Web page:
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Home / Technical Articles / Floating Neutral Impacts in Power Distribution

Broken (loose) neutral

If the Neutral Conductor is opened, broke or lost at either of its source side (Distribution Transformer, Generator or at Load side – Distribution Panel of Consumer), the distribution system’s neutral conductor will “float” or lose its reference ground Point.

Floating Neutral Impacts in Power Distribution
Floating Neutral Impacts in Power Distribution (photo by Mardix Limited; Fickr)

The floating neutral condition can cause voltages to float to a maximum of its Phase volts RMS relative to ground, subjecting to its unbalancing load Condition. Floating Neutral conditions in the power network have different impact depending on the type of Supply, type of installation and Load balancing in the Distribution.

Broken Neutral or Loose Neutral would damage to the connected load or create hazardous Touch Voltage at equipment body.

Here We are trying to understand the Floating Neutral Condition in T-T distribution System.

What is Floating Neutral?

If the Star Point of Unbalanced Load is not joined to the Star Point of its  Power Source (Distribution Transformer or Generator) then Phase voltage do not remain same across each phase but its vary according to the Unbalanced of the load.

As the Potential of such an isolated Star Point or Neutral Point is always changing and not fixed so it’s called Floating Neutral.

Normal Power Condition and Floating Neutral Condition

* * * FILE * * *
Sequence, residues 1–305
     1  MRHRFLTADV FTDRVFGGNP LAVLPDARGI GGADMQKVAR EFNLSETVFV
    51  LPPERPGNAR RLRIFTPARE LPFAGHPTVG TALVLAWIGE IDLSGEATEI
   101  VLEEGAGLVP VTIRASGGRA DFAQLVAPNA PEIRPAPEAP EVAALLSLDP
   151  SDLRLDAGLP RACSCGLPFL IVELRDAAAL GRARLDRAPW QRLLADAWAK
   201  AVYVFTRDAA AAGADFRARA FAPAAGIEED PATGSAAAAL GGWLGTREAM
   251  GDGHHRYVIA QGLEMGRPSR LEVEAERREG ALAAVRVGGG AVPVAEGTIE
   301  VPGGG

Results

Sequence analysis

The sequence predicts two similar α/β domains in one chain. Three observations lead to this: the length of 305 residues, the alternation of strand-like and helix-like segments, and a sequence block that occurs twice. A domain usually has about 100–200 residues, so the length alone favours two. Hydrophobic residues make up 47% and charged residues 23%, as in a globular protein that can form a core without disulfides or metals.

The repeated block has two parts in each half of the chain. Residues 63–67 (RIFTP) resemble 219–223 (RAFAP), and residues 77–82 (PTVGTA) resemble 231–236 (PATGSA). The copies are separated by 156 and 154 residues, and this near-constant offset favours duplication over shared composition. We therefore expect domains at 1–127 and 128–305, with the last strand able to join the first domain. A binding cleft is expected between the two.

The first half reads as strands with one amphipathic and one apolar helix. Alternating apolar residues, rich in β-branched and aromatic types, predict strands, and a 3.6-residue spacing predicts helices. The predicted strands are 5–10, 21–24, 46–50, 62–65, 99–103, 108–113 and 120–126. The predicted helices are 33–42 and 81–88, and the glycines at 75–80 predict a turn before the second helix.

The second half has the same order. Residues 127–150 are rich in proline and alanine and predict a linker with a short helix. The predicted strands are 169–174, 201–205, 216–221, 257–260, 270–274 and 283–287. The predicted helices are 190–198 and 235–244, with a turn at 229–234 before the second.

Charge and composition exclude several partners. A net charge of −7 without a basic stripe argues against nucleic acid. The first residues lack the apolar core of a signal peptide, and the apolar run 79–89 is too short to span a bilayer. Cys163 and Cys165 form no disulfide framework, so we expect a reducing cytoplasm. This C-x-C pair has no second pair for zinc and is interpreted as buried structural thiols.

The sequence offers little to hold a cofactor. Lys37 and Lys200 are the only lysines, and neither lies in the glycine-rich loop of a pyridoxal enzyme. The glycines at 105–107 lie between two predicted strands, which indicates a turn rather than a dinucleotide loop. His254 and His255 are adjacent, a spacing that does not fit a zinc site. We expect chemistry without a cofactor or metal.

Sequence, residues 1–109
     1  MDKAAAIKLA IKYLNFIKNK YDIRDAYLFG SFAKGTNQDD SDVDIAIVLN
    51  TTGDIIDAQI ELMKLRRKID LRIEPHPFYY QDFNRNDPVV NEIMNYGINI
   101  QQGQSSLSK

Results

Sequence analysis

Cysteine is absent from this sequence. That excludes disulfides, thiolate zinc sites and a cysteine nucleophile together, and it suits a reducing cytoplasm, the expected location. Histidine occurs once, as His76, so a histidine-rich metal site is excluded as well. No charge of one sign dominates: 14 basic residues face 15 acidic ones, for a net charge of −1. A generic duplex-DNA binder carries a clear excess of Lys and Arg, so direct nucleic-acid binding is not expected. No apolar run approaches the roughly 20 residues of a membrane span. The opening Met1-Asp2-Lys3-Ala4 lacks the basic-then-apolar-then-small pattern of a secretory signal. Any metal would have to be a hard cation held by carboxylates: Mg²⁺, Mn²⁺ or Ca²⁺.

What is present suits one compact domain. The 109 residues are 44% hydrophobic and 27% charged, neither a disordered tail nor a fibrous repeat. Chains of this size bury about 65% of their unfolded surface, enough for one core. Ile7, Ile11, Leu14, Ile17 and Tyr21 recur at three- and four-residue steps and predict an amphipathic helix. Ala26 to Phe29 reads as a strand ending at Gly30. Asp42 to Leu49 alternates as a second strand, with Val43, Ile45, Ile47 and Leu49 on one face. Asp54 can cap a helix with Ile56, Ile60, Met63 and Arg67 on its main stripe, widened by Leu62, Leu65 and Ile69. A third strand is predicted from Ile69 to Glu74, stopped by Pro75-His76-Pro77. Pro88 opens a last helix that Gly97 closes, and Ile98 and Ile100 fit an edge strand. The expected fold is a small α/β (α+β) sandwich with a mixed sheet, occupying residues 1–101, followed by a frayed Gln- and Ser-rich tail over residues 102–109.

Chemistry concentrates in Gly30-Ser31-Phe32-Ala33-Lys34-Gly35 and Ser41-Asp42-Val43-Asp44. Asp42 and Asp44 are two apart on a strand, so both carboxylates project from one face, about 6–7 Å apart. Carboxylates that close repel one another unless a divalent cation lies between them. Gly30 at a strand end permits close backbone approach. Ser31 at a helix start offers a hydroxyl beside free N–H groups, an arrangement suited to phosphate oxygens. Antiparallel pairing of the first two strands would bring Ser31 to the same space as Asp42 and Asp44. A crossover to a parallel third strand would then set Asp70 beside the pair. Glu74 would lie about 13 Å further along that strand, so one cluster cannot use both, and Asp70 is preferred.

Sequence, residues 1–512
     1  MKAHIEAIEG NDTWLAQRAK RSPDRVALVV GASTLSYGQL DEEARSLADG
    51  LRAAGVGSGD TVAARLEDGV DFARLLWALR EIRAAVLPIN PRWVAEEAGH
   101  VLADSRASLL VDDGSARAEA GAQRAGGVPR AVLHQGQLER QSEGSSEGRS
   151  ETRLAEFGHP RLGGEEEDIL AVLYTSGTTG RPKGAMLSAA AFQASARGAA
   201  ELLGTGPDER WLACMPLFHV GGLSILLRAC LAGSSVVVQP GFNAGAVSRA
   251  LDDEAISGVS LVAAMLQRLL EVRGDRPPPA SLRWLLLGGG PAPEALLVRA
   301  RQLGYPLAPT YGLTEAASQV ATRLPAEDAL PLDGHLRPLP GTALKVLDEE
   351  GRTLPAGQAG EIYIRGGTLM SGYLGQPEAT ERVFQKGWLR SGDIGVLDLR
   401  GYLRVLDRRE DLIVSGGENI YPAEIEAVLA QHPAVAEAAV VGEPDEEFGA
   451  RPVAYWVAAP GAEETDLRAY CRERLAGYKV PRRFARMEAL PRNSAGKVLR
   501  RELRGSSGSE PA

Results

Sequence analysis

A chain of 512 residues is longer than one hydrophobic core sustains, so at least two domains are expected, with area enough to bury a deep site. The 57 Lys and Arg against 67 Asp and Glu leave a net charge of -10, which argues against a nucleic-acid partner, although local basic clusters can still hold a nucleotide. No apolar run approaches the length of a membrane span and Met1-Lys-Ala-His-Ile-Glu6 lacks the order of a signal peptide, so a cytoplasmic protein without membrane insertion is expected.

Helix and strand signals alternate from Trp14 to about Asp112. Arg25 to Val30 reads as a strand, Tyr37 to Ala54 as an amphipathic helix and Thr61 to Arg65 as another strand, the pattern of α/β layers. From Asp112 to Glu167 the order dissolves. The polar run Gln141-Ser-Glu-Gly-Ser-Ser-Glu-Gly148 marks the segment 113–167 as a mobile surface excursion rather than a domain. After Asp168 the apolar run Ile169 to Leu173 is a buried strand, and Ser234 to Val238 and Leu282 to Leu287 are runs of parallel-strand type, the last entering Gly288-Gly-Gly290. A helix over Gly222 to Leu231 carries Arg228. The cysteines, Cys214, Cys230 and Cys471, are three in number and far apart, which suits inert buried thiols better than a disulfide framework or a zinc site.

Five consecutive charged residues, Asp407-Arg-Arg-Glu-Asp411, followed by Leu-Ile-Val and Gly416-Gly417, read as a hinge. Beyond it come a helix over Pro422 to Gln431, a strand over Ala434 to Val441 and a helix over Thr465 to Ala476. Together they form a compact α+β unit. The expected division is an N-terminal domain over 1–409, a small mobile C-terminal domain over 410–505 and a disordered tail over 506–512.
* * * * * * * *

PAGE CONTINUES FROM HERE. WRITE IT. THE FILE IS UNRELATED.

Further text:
Normal Power Condition

On 3-phase systems there is a tendency for the star-point and Phases to want to ‘balance out’ based on the ratio of leakage on each Phase to Earth. The star-point will remain close to 0V depending on the distribution of the load and subsequent leakage (higher load on a phase usually means higher leakage).

Three phase systems may or may not have a neutral wire. A neutral wire allows the three phase system to use a higher voltage while still supporting lower voltage single phase appliances. In high voltage distribution situations it is common not to have a neutral wire as the loads can simply be connected between phases (phase-phase connection).

Healthy power system scheme
Healthy power system scheme

3 Phase 3 Wire System

Three phases has properties that make it very desirable in electric power systems.

Firstly the phase currents tend to cancel one another (summing to zero in the case of a linear balanced load). This makes it possible to eliminate the neutral conductor on some lines. Secondly power transfer into a linear balanced load is constant.

3 Phase 4 Wire System for Mix Load

Most domestic loads are single phase. Generally three phase power either does not enter domestic houses or it is split out at the main distribution board.

Kirchhoff’s Current Law states that the signed sum of the currents entering a node is zero. If the neutral point is the node, then, in a balanced system, one phase matches the other two phases, resulting in no current through neutral. Any imbalance of Load will result in a current flow on neutral, so that the sum of zero is maintained.